This review is part of the No Man’s Land Reading Project, an attempt to right a gendered imbalance in my reading and a general imbalance in the availability of reviews (by men, especially) of works by female authors.
When I think of friendships between young women in novels, it takes me a minute to come up with really solid ones, and I’ll say right out of the gate (because nothing is more endearing at the beginning of a review than following an admission of personal shortcoming with a horse racing idiom) that that’s on me.
Part of it is that the works of fiction I’ve read that feature women as central characters have been books that feature a single central girl or woman: Nancy Drew, Matilda, Mary Lennox, Emma Woodhouse, Madame Bovary. Another is that in books from my childhood, where heroines were more common, friendships between girls were quite timeless and prepubescent (Heidi and Klara in Johanna Spyri’s Heidi), and in my teen fiction reading, where girls and guys romped around together, such friendships were side plots (Ellie and Fiona in John Marsden’s Tomorrow series).
As for literary fiction, I’ll leave it to the great and well-founded generalisations about entrenched bias and discrimination in the education system and the publishing industry to explain why robust female friendships haven’t cropped up there. Marjane Satrapi’s Persepolis merits a mention, the protagonist’s rebellious teen years especially, but still, in no book I’ve read does a genuine and nuanced relationship between women take centre stage – Persepolis is one woman’s coming of age.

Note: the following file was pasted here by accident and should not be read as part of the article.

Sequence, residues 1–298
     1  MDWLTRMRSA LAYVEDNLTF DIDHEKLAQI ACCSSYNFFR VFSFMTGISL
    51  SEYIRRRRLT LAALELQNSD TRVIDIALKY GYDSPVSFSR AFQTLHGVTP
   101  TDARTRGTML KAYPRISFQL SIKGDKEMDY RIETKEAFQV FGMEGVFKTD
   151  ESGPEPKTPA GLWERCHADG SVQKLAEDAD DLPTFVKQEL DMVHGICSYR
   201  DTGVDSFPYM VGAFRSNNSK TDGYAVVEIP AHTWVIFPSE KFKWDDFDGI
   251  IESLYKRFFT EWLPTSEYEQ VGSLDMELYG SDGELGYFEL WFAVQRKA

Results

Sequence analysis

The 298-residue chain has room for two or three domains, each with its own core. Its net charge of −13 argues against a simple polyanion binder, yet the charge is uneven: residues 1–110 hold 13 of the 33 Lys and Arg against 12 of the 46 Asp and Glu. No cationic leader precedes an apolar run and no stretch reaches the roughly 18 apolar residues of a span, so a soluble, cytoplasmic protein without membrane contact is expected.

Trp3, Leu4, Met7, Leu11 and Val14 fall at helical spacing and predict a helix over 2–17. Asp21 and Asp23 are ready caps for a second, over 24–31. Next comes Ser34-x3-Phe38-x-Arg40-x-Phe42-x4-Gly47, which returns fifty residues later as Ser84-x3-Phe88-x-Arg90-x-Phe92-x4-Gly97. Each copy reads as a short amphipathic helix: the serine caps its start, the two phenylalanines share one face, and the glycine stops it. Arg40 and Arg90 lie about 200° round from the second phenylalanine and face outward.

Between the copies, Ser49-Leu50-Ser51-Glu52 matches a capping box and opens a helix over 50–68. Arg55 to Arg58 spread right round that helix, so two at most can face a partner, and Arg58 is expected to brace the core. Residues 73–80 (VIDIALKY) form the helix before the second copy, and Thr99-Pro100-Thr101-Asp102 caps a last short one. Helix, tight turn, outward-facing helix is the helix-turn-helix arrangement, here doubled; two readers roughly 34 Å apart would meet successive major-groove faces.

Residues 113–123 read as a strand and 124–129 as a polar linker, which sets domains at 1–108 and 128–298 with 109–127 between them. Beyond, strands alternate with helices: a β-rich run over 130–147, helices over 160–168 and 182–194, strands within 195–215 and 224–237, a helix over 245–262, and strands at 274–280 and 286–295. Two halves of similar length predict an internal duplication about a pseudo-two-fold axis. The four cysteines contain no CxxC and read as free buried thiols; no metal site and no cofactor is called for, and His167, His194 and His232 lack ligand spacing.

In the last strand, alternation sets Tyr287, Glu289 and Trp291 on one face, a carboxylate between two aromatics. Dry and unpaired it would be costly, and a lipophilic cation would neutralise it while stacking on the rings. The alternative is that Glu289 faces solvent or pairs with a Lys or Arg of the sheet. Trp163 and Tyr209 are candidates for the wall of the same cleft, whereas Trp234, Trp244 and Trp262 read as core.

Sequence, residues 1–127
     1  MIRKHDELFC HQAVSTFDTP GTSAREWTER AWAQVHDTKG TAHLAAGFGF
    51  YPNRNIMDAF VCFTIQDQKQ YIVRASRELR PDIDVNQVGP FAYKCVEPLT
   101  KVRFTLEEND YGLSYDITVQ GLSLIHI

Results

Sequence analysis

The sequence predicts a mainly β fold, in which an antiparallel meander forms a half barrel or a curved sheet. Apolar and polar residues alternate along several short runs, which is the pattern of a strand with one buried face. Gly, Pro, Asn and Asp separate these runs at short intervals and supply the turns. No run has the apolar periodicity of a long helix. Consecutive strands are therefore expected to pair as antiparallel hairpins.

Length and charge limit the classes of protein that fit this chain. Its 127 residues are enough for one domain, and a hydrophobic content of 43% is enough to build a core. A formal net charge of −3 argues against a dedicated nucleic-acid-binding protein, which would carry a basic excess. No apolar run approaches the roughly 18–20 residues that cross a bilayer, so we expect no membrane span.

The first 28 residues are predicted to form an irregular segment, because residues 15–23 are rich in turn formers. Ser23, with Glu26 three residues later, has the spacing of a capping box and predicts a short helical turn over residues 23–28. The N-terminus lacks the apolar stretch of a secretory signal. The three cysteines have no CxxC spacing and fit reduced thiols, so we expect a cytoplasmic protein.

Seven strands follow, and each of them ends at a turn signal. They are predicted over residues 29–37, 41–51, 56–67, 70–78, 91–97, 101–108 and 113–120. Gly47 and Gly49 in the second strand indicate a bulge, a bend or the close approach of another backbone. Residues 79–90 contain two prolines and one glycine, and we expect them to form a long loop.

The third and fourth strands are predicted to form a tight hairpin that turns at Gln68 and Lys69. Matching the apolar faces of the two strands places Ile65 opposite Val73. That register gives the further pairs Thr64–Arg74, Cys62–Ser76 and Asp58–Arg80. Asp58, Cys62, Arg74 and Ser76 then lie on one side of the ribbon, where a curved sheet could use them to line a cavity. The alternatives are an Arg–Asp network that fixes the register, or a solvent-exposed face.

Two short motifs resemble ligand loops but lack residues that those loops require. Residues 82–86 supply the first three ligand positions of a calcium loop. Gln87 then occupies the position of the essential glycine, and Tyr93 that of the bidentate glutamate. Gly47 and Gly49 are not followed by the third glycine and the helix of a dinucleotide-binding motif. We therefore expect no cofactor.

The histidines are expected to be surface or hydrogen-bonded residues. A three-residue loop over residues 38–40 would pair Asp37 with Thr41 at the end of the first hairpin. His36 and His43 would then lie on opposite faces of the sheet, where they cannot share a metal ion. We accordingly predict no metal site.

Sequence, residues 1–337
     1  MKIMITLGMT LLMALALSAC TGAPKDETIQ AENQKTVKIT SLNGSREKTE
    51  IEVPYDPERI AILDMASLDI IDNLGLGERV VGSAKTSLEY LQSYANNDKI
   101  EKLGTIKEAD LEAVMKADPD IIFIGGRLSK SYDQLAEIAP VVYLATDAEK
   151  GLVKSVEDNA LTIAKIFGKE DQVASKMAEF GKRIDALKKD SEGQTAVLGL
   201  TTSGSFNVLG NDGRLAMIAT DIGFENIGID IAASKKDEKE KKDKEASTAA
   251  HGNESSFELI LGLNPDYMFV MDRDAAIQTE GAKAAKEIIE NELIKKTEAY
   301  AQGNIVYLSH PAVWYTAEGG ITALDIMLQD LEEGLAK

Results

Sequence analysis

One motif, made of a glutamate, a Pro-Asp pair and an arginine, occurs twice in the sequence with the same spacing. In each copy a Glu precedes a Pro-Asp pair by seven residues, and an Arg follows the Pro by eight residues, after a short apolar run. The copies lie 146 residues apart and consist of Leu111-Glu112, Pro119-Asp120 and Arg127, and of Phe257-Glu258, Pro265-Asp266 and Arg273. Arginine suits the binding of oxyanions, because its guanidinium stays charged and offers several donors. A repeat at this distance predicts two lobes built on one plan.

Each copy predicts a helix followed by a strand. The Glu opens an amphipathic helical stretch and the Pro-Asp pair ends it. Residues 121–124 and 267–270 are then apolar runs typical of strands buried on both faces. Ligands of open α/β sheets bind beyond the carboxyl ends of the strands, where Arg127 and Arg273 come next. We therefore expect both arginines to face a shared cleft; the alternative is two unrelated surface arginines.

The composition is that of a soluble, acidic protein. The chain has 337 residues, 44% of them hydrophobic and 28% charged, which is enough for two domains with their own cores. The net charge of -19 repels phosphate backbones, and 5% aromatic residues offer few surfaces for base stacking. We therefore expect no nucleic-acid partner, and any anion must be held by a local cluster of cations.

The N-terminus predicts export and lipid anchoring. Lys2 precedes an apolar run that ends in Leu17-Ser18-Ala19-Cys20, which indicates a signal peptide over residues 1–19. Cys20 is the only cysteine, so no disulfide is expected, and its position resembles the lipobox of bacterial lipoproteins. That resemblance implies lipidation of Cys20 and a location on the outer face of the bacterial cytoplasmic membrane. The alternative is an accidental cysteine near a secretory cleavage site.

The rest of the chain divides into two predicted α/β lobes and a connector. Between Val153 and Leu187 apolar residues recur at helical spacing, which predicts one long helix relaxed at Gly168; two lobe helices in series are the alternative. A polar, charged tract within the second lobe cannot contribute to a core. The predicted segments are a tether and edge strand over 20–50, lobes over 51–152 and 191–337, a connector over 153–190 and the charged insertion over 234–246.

As you may have guessed, just as the way it is written makes it engaging and vivid, a point of difference on the matter of female friendships makes Emily Bitto’s The Strays unique. Because in it, Bitto has done something very moving, which is to tell a story about a great many familiar things – adults, lust, art, self-discovery, rebellion, ego, shame, family – whilst very calmly and gently, almost invisibly, placing them second in order of priority to the friendship of one young woman with another.